12. Meanwhile, economic inactivity, instances of poor quality, low paid and precarious work remain a concern. Disabled people, Black, Asian and Minority Ethnic people and those with health conditions continue to be significantly underrepresented in the labour market, with any improvement stalling. The consultation on the Race Equality Action Plan also highlighted barriers to progression within employment for Black, Asian and Minority Ethnic people and there is similar evidence in relation to disabled people. Enduring pay gaps for disabled people (9.9%), women (5%) and ethnic minority employees (1.4%) compared to the general population in Wales.

13. The pandemic has seen an increase in inactivity for reasons of ill health and/or early retirement for those over 50, and, for those aged over 65 in particular, more women than men have left the labour market. It is unclear whether “long Covid” is a contributing factor, but this could present an increasing problem.

14. Over the longer term, the key economic challenge remains historically weak productivity growth in Wales and the UK, resulting in very sluggish growth in pay, in living standards and the tax base upon which public services depend. In addition, structural changes associated with:

  1. the transition to new trading relations with the EU and other countries
  2. the transition to a low/zero carbon economy
  3. an increase in remote working and other remote activity, and
  4. technological change more generally

will combine to pose a variety of challenges. Precise implications for skills and employability are uncertain, but policy will need to adapt flexibly to rapidly changing circumstances and remain applicable across a wide range of scenarios.

Delivery and funding context

15. UK government is exerting greater influence over this area of service delivery, through a significant Department for Work and Pensions (DWP) Jobs and Skills response to respond to pandemic impacts, and the plans set out in the Levelling Up White Paper.

However, UK Shared Prosperity Fund guidance indicates that the plans of local authorities and other partners should take account of the wider funding landscape, including other national or local employment and skills schemes.

16. Welsh Government is set to lose the significant funding we have received from Europe for this agenda. The system is at risk of becoming more fragmented with gaps emerging, particularly for those further from the labour market, who were already disadvantaged prior to the pandemic.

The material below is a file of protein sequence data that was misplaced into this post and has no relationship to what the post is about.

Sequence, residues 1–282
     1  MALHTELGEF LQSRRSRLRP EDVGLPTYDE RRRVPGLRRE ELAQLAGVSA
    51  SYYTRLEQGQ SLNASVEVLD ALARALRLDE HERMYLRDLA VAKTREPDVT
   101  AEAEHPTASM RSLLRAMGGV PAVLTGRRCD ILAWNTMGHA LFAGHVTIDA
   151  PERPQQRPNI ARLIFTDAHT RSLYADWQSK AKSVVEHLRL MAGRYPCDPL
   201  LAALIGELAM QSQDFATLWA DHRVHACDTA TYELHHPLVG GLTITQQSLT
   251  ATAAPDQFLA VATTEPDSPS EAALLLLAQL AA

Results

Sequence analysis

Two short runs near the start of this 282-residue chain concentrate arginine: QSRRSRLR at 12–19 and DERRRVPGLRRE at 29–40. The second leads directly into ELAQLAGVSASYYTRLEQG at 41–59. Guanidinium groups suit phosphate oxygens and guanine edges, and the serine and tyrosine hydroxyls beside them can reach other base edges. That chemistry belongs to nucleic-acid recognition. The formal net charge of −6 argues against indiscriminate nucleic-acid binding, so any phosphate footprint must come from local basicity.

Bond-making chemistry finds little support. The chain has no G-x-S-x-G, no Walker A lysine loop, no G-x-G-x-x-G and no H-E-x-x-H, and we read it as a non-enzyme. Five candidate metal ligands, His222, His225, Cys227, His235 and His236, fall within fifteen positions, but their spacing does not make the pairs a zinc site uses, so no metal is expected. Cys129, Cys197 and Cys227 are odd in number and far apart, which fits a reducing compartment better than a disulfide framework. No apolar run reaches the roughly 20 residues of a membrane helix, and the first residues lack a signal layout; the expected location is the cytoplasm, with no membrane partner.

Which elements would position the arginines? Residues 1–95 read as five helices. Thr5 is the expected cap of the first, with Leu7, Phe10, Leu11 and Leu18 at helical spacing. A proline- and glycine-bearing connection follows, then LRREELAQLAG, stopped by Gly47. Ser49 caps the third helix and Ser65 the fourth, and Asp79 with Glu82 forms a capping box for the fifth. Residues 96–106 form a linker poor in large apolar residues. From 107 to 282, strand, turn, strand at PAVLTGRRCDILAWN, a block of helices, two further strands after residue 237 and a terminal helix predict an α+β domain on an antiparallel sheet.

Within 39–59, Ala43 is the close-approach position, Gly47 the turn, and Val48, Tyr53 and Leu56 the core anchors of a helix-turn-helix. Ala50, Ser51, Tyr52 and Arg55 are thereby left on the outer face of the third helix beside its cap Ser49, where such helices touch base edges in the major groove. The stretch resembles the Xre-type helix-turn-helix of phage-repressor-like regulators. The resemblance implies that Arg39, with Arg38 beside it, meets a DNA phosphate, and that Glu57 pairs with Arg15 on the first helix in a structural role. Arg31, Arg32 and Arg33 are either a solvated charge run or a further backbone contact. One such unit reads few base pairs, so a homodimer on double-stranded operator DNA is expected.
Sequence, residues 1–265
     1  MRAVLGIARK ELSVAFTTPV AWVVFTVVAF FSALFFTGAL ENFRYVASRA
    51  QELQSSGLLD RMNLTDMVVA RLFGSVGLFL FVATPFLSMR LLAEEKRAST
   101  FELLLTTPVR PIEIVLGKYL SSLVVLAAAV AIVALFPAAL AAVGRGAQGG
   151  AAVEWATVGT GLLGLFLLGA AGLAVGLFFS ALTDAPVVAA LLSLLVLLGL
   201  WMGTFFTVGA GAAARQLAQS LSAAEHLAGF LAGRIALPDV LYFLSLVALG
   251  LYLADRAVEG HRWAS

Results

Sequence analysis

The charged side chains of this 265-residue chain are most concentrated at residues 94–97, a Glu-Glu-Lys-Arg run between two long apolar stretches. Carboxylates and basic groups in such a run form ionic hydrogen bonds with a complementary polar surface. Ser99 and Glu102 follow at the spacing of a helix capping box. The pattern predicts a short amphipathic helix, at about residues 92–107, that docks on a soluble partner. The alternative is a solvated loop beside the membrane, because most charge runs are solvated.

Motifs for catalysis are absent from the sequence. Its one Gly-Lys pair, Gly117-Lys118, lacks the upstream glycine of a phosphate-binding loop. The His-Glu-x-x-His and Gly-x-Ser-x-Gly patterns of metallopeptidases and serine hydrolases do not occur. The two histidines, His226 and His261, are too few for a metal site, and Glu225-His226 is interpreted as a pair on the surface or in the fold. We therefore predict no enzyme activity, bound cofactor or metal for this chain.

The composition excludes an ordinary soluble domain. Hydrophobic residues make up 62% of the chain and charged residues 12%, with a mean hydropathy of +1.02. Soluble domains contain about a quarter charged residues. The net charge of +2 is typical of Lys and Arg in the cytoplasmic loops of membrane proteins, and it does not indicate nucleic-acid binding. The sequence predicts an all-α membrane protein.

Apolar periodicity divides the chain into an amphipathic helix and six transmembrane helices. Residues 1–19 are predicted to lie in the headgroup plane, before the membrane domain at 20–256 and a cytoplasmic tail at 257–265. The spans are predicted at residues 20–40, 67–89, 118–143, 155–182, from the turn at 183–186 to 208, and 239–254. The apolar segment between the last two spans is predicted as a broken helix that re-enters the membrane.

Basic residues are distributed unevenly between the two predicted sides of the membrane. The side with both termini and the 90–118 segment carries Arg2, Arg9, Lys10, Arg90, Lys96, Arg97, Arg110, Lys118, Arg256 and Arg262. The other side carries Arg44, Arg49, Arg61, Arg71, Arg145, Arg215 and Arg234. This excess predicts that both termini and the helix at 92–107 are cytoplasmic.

17. In the face of less funding and less decision making autonomy, we seek to add value rather than duplicate the DWP employment offer and focus on a cross government approach to furthering our goals for a Fairer Wales.

5 priorities outlined in the new plan

18. Promoting youth participation, progression and employment

Delivering a Young Person’s Guarantee - giving everyone under 25 the offer of work, education, training, or self-employment.

19. Tackling economic inequality

A focus on improving labour market outcomes for Black, Asian, and Minority Ethnic communities, women, disabled people and those with low skills.

20. Promoting Fair Work for all

By encouraging employers to make work better, fairer and more secure; promoting the role of trade unions; empowering responsible businesses; improving the quality of employment; increasing workforce diversity; and enhancing physical and mental health prevention.

21. Supporting people with a long term health condition to work

By preventing people falling out of employment through health prevention, early intervention, healthy workplaces and maximising the role of the health service as an anchor employer.

22. Raising skill and qualification levels, and mobility of the workforce

By expanding the system of flexible and personal learning to develop adaptable skills to increase workforce resilience, and for everyone who needs help to progress, improve their skills, find work or retrain.

Key developments

23. Prioritising and consolidating Welsh Government led, national employability support to target young people, those under-represented in the labour market and those in and out of work with long term health conditions to find work and progress in employment.